- Females will birth a calf every 2-4 years. The average weight of a newborn calf is between 50-150 kg. Calf’s stay with their mothers for around 4 years.
- Males and female elephants do not start breeding until around 14 years old.
- Elephants need to eat around 150kg of food a day and spend most of their day feeding on grasses, branches, bark, roots, and leaves. They may help themselves to bananas, rice, and sugar cane from local farmers’ crops, which has increased human-animal conflict. Elephants need a lot of water and are usually not far from a water source.
- They are the world’s largest land mammal. Males can weigh up to 8 tons and grow to 3 meters tall.
- Males are fully grown at 35-40 years.
- Lifespan is 60-70 years in the wild.
- Elephant trunks have around 40,000 muscles.
The following apply for both African and Asian elephants
Despite the world ban on ivory trade, elephants are still killed for their tusks, skin, and bush meat.
Elephants are also stolen from the wild for live elephant trade, mainly going to Thailand for the tourism industry. India, Myanmar, and Vietnam have banned the capture of live elephants as part of their conservation efforts. However, Myanmar still captures elephants for the timber industry and illegal wildlife trade.
Habitat loss due to the increasing population. With more land cleared for human settlements and agriculture, more elephant habitats are smaller. In addition, more roads connecting human settlements is fragmenting elephant habitats.. Elephants are eating and trampling farmers’ crops which in turn farmers will often shoot elephants to protect their crops and families.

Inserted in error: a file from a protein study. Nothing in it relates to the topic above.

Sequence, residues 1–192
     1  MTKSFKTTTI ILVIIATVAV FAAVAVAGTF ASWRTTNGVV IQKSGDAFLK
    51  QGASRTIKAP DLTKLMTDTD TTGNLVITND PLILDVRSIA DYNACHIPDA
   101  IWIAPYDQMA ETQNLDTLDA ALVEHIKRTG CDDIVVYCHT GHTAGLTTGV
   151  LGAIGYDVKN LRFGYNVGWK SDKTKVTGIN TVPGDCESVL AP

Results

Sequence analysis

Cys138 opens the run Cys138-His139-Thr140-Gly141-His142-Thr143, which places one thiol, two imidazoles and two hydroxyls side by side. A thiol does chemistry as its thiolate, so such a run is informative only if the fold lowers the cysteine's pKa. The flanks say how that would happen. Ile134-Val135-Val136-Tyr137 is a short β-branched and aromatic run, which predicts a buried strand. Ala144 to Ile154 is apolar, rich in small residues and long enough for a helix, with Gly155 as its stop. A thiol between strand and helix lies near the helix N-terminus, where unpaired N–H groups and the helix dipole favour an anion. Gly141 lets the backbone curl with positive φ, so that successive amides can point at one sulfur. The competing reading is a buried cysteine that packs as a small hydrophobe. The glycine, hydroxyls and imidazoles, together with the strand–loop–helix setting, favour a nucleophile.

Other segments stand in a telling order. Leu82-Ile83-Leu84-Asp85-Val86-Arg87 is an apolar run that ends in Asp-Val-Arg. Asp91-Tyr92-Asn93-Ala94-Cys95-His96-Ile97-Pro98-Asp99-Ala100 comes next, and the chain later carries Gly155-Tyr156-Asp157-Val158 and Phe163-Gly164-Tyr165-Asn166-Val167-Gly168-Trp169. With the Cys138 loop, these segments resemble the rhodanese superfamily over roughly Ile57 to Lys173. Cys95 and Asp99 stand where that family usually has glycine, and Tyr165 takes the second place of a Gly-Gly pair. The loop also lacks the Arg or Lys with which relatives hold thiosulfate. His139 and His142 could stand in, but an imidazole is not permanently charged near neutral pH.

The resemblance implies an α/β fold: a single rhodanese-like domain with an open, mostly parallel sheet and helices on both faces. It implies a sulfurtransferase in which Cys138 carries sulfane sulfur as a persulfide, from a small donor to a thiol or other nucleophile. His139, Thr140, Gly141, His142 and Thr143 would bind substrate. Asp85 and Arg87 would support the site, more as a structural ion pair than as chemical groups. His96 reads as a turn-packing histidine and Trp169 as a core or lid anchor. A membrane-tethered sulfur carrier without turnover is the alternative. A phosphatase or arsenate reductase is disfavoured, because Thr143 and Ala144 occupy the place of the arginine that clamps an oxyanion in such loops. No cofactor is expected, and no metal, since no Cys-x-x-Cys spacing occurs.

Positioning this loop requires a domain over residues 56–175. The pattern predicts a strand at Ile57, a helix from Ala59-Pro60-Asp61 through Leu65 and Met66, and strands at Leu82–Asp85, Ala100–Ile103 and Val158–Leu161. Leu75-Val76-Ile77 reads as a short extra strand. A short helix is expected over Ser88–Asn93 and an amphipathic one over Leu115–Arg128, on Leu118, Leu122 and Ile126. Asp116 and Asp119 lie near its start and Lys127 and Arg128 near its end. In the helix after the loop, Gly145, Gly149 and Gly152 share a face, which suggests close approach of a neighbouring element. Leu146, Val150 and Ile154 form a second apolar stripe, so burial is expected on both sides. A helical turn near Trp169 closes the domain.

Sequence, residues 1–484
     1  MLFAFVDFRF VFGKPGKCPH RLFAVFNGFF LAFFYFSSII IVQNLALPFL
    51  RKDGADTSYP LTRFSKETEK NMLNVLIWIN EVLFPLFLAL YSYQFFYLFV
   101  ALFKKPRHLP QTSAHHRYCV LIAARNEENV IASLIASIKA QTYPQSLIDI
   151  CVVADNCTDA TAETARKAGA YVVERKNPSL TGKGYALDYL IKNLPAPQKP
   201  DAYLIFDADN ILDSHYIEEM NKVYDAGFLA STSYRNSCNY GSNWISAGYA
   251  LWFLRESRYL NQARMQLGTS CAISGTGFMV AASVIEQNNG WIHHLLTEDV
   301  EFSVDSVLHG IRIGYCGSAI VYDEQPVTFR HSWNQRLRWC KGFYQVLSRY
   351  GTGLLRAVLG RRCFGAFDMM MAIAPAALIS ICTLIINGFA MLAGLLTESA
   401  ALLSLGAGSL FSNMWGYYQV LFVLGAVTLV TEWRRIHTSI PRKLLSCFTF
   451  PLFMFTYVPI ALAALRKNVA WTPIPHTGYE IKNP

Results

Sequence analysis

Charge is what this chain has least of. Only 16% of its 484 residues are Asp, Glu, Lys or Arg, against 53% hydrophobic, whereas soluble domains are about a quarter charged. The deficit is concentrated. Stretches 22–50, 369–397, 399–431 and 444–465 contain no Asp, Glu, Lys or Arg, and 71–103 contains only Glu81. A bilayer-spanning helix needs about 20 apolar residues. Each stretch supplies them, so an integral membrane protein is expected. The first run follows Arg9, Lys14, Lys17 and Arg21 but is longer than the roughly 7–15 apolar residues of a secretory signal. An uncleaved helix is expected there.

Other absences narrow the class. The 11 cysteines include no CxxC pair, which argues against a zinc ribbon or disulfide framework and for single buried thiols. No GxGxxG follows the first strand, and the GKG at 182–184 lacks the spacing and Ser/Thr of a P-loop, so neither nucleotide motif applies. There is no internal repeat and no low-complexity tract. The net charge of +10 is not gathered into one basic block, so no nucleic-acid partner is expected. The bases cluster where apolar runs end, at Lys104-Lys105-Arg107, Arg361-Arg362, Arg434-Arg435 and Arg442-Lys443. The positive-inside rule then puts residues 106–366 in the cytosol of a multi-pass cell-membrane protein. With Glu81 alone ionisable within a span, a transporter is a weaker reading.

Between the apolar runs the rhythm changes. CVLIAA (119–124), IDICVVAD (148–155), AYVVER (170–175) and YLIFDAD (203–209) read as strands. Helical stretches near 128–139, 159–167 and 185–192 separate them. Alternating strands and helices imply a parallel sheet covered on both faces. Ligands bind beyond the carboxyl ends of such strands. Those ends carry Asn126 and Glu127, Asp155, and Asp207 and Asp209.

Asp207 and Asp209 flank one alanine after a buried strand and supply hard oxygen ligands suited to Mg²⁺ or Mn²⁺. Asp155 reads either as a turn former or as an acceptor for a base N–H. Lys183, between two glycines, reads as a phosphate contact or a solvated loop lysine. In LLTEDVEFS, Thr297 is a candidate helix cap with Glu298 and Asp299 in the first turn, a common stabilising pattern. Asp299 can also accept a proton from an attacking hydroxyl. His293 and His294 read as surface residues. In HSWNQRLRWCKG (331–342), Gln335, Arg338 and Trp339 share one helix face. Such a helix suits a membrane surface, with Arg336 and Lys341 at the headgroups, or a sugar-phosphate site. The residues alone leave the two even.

During capture of wild elephants, they are often killed. There are now captive breeding centres for this purpose to prevent mortality during capture.
A worldwide ban on trophy hunting is essential.
Both African and Asian elephants face many threats to their existence and are categorised as ‘vulnerable’.
Many elephant conservation organisations are working towards saving elephants from poor treatment and extinction. Preventing illegal poaching and ivory trade, improved conditions for captive elephants, and reintroducing captive elephants safely back into the wild and in safe and protected sanctuaries.
How can we help elephants?
As individuals, what can we do?
- Be elephant ethical and promote safe ethical elephant tourism by not supporting organisations that exploit or abuse elephants (or any other animals) for entertainment and profit, such as; circuses, elephant rides, any captive wildlife tourist entertainment.
- Do not buy ivory or any other items that are made with animal products.
- Always choose eco-tourism friendly tour operators who support local elephant conservation and treat elephants and other animals with dignity.
- Support organisations that are working to protect elephants and their habitat.
- Support organisations that are working to put an end to illegal poaching, ivory trade, and trophy hunting.
- Don’t buy items that are commercially produced or that have been grown in plantations that have decimated elephant habitats. Only buy products that are certified as ‘fair-trade’ and ‘palm oil-free’.